4. Putin Turns to the Vatican

For the first time ever, a Russian Orthodox ruler in Moscow has appealed to the head of the Roman Catholic Church for assistance in persuading Europe’s powers-that-be and public opinion on any serious matter. The message Putin needed to get across was that the attack on Christian Beslan was part of a religious war waged by al Qaeda.


DEBKA-Net-Weekly‘s Moscow sources reveal that on Saturday, September 4, at the height of the carnage at the school, Russian president Vladimir Putin‘s office asked Russian Orthodox Bishop Feofan Achourkov, whose Stavropol diocese includes the town of Beslan, to set out at once for the Italian town of St. Egidio near Milan and attend a conference there. The bishop demurred, protesting he must stay with his flock in its darkest hours. But Putin’s aides insisted. Alexei II, Patriarch of Moscow, reinforced the request with an order to leave for Italy at once on a mission of vital importance.


On arriving at St. Egidio, the Orthodox bishop was closeted with the representatives of Pope John Paul II at the conference, Cardinals Renato Martino and Walter Kasper, who were to deliver addresses on the issue of terror. Bishop Achourkov asked them to pass a three-part message to the pontiff: 1. The terrorists who struck Beslan are Wahhabi Arabs and Russians. 2. The school siege should be seen by the Vatican as the first assault of its kind on members of the Christian faith. 3. A large-scale war is about to erupt in Chechnya and the Caucasus at large.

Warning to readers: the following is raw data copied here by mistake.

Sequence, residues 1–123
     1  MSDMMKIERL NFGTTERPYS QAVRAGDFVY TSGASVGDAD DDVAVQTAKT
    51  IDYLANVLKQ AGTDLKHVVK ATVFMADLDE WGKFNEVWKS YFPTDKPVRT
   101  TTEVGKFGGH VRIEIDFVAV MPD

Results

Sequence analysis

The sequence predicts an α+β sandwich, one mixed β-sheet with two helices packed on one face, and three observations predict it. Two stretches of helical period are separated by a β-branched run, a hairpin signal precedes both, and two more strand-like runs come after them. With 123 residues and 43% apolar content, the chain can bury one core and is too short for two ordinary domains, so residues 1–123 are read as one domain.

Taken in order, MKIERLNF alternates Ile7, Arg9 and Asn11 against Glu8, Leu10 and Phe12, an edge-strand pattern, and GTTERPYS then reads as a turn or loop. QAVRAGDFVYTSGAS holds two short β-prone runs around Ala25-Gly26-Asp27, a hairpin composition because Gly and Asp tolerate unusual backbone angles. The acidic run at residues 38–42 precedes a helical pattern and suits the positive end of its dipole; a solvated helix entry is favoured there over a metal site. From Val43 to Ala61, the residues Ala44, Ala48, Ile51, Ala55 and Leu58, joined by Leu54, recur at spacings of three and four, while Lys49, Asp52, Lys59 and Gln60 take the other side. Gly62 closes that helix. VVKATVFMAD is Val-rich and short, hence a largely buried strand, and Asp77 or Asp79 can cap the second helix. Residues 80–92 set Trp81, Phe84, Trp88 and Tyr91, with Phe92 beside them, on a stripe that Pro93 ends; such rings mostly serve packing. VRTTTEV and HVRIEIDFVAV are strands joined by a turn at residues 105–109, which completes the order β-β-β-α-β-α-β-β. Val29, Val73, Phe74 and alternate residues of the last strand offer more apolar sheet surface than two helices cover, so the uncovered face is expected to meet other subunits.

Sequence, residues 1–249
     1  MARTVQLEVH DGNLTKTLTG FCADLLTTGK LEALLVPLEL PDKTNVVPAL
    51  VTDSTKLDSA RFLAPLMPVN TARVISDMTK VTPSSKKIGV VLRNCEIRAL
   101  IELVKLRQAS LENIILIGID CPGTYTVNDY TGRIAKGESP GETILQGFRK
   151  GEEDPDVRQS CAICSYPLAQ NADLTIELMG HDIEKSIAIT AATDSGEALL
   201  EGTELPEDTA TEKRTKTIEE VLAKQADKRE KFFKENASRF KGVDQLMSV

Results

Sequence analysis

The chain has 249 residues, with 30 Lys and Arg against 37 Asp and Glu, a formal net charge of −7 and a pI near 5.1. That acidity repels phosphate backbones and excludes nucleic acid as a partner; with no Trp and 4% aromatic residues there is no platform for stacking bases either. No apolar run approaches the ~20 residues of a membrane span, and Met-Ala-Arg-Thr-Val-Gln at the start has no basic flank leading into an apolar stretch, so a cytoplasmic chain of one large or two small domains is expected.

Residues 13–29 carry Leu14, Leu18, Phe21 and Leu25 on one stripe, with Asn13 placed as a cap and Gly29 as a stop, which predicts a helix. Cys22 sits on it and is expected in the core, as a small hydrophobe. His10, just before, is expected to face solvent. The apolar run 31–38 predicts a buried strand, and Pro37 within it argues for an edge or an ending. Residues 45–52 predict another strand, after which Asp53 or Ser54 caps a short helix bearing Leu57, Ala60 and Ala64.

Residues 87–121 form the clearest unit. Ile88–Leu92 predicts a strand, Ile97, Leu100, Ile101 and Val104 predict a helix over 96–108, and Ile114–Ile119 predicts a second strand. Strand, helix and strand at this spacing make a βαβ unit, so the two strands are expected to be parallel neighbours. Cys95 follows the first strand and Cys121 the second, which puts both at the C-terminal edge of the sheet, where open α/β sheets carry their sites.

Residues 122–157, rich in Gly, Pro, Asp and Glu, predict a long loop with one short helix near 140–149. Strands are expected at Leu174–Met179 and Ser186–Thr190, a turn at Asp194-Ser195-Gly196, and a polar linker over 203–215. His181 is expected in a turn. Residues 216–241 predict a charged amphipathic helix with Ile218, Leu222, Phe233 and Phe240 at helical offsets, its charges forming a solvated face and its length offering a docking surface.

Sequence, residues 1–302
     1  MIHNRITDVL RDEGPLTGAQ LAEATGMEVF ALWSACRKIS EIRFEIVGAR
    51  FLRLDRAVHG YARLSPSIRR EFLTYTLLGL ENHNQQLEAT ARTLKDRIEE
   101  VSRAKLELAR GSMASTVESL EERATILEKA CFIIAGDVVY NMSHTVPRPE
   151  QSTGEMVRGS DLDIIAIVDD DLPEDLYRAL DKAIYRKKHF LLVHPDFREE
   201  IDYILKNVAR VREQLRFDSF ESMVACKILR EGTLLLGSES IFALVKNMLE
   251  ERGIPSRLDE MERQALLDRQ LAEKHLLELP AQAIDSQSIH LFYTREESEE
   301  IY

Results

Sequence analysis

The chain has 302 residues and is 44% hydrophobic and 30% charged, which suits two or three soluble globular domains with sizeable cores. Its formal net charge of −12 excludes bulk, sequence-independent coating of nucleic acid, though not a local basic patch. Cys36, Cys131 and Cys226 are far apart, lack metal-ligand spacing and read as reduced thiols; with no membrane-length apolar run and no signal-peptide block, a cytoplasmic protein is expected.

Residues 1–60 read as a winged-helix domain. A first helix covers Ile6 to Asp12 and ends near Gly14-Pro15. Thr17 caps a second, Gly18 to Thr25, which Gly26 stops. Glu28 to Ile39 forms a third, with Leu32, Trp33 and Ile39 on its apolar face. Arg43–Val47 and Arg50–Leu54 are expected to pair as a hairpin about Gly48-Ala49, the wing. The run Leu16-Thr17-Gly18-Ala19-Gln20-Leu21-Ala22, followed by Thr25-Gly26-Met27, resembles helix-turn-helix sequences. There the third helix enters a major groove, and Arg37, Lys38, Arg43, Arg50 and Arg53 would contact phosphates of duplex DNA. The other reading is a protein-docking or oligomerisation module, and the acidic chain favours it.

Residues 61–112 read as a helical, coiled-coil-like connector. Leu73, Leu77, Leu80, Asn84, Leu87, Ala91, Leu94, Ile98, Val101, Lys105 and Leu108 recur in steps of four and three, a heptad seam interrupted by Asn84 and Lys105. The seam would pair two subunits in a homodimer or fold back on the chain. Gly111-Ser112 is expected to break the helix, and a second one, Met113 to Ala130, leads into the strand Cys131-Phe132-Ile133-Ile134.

In their addresses the two cardinals later acknowledged the need for a military campaign to eliminate terrorism. The Pope sent a message that was read out to the conference on Wednesday, September 8, after the Kremlin’s message had been delivered, calling for firm action against terrorism, but coming short of endorsing military action.


Putin was moved to make his unconventional overture to the head of the Catholic Church by two considerations. First, Christian leaders would better appreciate the scale of the threat al Qaeda posed to Christendom than European officials who would automatically rule out any military action against Islamic expansion through the North Caucasus. Second, the slightest hint of Vatican sympathy for the Kremlin’s resort to arms against terrorists would help Putin win a measure of support, however tacit, from President George W. Bush and the understanding of the American public.

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